People often wonder if they need to take nutritional supplements or do they even work. Some feel that they are an essential part of their fitness nutrition program. Others believe that they are just a big marketing scam and have little to no real value. So what’s the real story?
Like in most cases, the truth usually lies somewhere in the middle. Supplements are not magical elixirs that will transform you into a superman or superwoman. Neither are they useless snake oil that will do nothing but empty your pockets. Supplements are food concentrates or derivatives that can allow you to target specific nutrients in a measured form beyond what you could possibly get from just food. They can be things you believe you need extra amounts of like specific vitamins or minerals, protein powders, fish oils, etc. Or they can be isolated substances that are believed to create or effect a desired response like creatine, beta alanine, ginseng, glucosamine, etc. They can be individual items or specific formulas.
So, do you need them? The first category of supplements, food concentrates or derivatives like multiple vitamins or protein powders are commonly used because people simply feel they cannot get an optimal amount from their diet alone. The second category contains items that are believe to help maximize or improve some desired aspect of health and fitness like creatine for strength, energy drinks, or even “fat burner” formulas. One key that you should always remember is that getting the diet properly implemented is the first step. Any supplements used should be in addition to your base, high quality fitness diet. Beyond this, if you feel the need to add items that you may be lacking in or find it difficult to consistently acquire in the right amounts through food alone, then supplements are an option to be explored.
Caution needs to be taken in the category of performance enhancement or health benefit claims. Always research carefully any items that you are considering using. While some things like creatine and beta alanine have quality supportive research behind them, other items are not so well endorsed and the claims may not match the effects. And again, even the supplements that perform as advertised are not a substitute for your base diet or hard, consistent work in the gym. A “fat burner” won’t help you if your diet is bad. Extra protein will do nothing if your calories are too low, or you’re already getting plenty of protein, and creatine will have no positive effects on your strength if you’re not training hard and consistently.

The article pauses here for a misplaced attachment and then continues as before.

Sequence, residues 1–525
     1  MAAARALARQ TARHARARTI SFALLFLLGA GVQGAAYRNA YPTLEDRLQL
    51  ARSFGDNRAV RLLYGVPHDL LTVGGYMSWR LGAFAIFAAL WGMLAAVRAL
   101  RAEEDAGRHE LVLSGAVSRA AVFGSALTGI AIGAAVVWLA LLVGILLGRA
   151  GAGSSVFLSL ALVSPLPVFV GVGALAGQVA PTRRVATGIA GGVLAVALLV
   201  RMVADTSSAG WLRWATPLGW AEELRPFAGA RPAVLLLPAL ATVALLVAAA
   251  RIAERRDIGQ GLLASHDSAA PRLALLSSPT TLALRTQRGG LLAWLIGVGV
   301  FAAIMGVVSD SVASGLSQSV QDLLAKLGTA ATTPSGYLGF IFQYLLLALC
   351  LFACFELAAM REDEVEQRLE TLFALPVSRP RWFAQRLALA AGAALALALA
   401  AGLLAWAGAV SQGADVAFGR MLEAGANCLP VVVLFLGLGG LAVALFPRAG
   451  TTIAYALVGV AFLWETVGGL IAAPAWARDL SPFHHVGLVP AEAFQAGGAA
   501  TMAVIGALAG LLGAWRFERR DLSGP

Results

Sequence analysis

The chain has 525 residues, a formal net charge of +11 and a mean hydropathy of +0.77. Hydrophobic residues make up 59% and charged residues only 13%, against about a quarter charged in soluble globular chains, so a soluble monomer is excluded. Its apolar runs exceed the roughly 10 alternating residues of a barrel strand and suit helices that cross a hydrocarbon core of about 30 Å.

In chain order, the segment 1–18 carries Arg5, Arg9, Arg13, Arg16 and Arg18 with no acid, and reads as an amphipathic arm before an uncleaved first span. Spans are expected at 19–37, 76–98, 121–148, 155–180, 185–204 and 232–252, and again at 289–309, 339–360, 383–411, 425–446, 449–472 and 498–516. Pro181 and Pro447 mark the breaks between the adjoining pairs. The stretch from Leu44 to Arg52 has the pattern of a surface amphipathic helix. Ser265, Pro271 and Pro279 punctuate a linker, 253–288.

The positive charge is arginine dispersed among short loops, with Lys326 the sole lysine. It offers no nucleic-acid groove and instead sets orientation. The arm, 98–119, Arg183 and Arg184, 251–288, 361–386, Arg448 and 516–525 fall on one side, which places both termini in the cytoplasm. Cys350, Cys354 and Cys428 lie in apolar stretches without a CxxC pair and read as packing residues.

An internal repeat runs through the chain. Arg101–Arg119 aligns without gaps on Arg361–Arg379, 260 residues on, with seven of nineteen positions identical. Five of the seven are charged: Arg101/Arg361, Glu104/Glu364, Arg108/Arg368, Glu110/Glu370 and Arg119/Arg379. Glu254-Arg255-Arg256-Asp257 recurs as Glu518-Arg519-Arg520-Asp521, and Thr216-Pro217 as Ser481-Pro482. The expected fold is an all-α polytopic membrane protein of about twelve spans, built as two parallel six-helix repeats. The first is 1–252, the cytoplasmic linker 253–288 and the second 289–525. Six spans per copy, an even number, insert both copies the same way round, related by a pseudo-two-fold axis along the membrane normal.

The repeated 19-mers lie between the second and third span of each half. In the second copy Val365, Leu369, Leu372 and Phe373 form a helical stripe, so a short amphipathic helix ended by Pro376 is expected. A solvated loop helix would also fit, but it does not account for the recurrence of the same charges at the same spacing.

If you are at the beginning or intermediate stages of fitness, try to get as many of your nutrients as you can from whole foods sources. If you feel you’re lacking in important essentials, then start on the lower, as opposed to the “mega dose”, end of things like multiple vitamins and minerals, omega 3 fatty acids, etc. If you’re more advanced and feel that your performance and results can be improved by implementing some key supplements (and your diet and training are on point) then you can research and explore your options and conservatively try things that are in line with your goals. Don’t expect magical results. Supplements are not drugs and if you’re getting a “drug like” response from one then toss it as it’s not what is supposed to be and may contain things that can in the long term cause you problems.
Supplements are just that, something to have in addition to your normal diet as an extra insurance option for targeted nutritional support. Personally, I use them to maximize energy and training intensity/performance, and to provide the nutrients I feel I need to help maximize recovery. I use supplements to insure I am getting an optimal amount of protein and vitamins and minerals for my activity level and needs. For reference, I train 5 days a week and have been doing so for decades.
Are supplements magical? No. Will they make or break your success? No. Can they be useful for some people in providing needed key nutrients beyond what they get from their diet? Yes. Will they improve your fitness progress? That’s the part that is still being explored, plus has a number of individual factors. If your activity level is high enough and your training intensity is maximized then using nutrition supplements may be beneficial to your pursuit of optimal fitness.